The report also describes Mexico as another worrisome case: in 15 years it dropped from 75th to 147th on the Index, putting it next to Syria and Afghanistan. Mexico is still torn apart by corruption and the violence of organised crime, says RWB.

In fact, it is the second worst ranked Latin American country, after Cuba, which is 173rd, after dropping two spots.

At a regional level, the countries best-positioned in the ranking are Uruguay (25th, after falling five), Chile (33rd, after dropping two) and Argentina (50th, after going up four).

Increasingly sophisticated means of control

Despite the threats and risks, independent journalism is making progress in the region. In 2016, the organisation Sembramedia created the first directory of native digital media in Latin America which has listed more than 500 independent platforms.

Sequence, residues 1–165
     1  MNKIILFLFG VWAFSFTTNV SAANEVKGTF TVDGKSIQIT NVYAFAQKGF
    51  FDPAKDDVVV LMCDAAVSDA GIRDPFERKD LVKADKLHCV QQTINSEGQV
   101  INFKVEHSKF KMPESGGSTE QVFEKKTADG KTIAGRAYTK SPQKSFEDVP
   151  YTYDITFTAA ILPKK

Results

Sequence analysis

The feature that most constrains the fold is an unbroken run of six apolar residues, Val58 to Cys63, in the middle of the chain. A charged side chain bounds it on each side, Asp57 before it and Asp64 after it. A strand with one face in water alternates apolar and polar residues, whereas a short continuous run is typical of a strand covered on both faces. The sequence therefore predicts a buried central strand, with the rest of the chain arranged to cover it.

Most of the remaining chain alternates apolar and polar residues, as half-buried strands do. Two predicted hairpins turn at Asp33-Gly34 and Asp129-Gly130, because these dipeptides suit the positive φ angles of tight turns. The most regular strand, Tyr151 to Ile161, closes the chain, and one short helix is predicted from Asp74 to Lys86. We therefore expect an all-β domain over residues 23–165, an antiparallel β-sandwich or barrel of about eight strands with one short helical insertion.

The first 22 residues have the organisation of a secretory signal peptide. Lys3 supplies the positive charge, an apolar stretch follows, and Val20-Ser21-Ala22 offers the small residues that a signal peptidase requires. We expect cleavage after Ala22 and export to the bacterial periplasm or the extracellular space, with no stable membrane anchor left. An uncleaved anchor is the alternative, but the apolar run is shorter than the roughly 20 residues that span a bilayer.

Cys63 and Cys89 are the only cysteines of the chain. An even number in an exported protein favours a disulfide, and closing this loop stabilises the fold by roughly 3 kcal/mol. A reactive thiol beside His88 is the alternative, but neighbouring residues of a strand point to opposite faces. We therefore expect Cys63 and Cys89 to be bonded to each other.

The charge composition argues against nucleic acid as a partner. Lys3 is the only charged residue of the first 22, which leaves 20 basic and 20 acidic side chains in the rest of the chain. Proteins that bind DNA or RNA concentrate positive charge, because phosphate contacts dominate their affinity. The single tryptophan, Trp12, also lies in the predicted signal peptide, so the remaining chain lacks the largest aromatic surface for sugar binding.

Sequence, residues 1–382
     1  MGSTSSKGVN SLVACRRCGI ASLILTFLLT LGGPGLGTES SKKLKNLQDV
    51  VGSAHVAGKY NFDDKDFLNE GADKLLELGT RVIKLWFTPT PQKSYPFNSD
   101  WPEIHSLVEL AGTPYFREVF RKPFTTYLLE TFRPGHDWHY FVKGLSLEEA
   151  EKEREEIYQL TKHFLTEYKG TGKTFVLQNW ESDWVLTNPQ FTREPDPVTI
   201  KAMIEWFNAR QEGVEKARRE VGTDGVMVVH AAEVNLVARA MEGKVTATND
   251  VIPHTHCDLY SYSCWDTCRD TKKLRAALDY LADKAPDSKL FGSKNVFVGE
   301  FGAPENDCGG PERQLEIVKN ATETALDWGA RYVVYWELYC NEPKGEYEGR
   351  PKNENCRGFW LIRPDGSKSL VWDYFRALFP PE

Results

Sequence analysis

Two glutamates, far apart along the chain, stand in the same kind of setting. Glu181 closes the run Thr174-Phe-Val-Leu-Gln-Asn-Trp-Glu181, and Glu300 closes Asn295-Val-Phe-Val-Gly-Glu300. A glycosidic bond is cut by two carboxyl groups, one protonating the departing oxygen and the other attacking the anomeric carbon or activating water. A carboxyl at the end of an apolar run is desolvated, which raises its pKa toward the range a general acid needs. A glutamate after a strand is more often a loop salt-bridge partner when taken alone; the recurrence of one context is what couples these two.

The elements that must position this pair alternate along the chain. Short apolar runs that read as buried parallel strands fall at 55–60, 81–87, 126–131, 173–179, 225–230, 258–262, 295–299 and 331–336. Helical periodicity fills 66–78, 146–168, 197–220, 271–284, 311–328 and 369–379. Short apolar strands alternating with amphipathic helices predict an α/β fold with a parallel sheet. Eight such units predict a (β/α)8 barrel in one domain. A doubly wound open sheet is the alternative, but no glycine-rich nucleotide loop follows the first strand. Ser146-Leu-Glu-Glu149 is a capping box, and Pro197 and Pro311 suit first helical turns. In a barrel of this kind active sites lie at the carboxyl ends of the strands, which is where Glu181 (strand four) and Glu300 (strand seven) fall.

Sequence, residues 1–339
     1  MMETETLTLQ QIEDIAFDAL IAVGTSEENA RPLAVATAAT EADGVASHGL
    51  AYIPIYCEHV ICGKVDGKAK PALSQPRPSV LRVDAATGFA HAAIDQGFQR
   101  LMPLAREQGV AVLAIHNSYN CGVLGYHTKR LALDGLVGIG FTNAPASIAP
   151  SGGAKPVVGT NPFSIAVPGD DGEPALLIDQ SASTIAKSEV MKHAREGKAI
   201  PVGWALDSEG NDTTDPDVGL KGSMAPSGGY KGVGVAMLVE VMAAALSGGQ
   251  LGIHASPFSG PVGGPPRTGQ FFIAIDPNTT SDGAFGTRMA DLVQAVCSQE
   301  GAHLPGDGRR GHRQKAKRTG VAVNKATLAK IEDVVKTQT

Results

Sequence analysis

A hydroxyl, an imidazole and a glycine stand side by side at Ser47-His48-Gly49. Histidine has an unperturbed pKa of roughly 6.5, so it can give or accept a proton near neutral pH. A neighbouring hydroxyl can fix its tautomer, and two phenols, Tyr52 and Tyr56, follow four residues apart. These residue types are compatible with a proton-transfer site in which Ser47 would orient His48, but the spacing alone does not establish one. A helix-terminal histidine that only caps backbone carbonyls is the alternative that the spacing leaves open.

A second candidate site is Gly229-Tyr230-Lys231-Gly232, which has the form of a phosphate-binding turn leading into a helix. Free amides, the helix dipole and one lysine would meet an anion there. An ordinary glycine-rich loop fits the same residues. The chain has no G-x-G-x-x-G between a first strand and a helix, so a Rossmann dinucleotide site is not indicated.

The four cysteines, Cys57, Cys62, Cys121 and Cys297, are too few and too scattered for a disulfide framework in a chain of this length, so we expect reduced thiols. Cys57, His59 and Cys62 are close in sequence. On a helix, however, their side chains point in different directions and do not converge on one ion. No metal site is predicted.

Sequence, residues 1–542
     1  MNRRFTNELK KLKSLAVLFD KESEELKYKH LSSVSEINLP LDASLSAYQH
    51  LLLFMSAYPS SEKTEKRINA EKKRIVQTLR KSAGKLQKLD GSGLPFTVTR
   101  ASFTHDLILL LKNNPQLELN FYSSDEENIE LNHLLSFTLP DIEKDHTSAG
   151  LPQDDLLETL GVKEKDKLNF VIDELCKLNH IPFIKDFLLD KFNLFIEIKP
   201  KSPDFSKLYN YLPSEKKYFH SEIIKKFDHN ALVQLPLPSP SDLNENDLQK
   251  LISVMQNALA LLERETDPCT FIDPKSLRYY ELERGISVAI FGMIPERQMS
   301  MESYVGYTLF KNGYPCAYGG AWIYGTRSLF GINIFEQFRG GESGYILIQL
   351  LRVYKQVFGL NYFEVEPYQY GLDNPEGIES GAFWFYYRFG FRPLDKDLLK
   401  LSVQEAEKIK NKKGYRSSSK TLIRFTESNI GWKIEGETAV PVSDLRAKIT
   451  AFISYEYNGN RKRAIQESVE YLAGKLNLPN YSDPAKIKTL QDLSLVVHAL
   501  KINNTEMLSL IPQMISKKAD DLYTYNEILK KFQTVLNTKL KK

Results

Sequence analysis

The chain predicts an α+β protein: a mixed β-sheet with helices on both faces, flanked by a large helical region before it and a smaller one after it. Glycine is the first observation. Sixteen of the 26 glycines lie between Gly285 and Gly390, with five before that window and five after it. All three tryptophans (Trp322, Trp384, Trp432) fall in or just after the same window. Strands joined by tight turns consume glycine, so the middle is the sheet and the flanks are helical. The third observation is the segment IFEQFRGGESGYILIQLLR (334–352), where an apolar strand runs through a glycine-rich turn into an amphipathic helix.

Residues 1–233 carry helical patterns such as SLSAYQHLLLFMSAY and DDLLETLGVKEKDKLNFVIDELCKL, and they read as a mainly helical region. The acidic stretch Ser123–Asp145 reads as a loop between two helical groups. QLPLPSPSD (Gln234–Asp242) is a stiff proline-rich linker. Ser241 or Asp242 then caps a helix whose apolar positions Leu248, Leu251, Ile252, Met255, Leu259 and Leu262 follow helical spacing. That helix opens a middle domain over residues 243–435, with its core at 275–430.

But at the same time, the means of control of the independent press are getting more sophisticated, said González.

Legal, labour and online harassment, as well as indirect censorship through the control of state advertising are tools that governments and political and economic groups use ever more frequently around the region.

In Mexico, the most emblematic case is that of journalist Carmen Aristegui, who was fired together with her investigative journalism team from the MVS radio station after publishing an investigation about corruption implicating President Enrique Peña Nieto.

But there are even more unbelievable cases, such as a judge’s order for psychological tests for political scientist Sergio Aguayo, after he published well-substantiated information about massacres in the Mexican state of Coahuila, connected to former governor Humberto Moreira.

The organisation FUNDAR Centre for Analysis and Research has documented that this country’s central government and 32 state governments spend an average of 800 million dollars a year on official advertising and announcements in the media.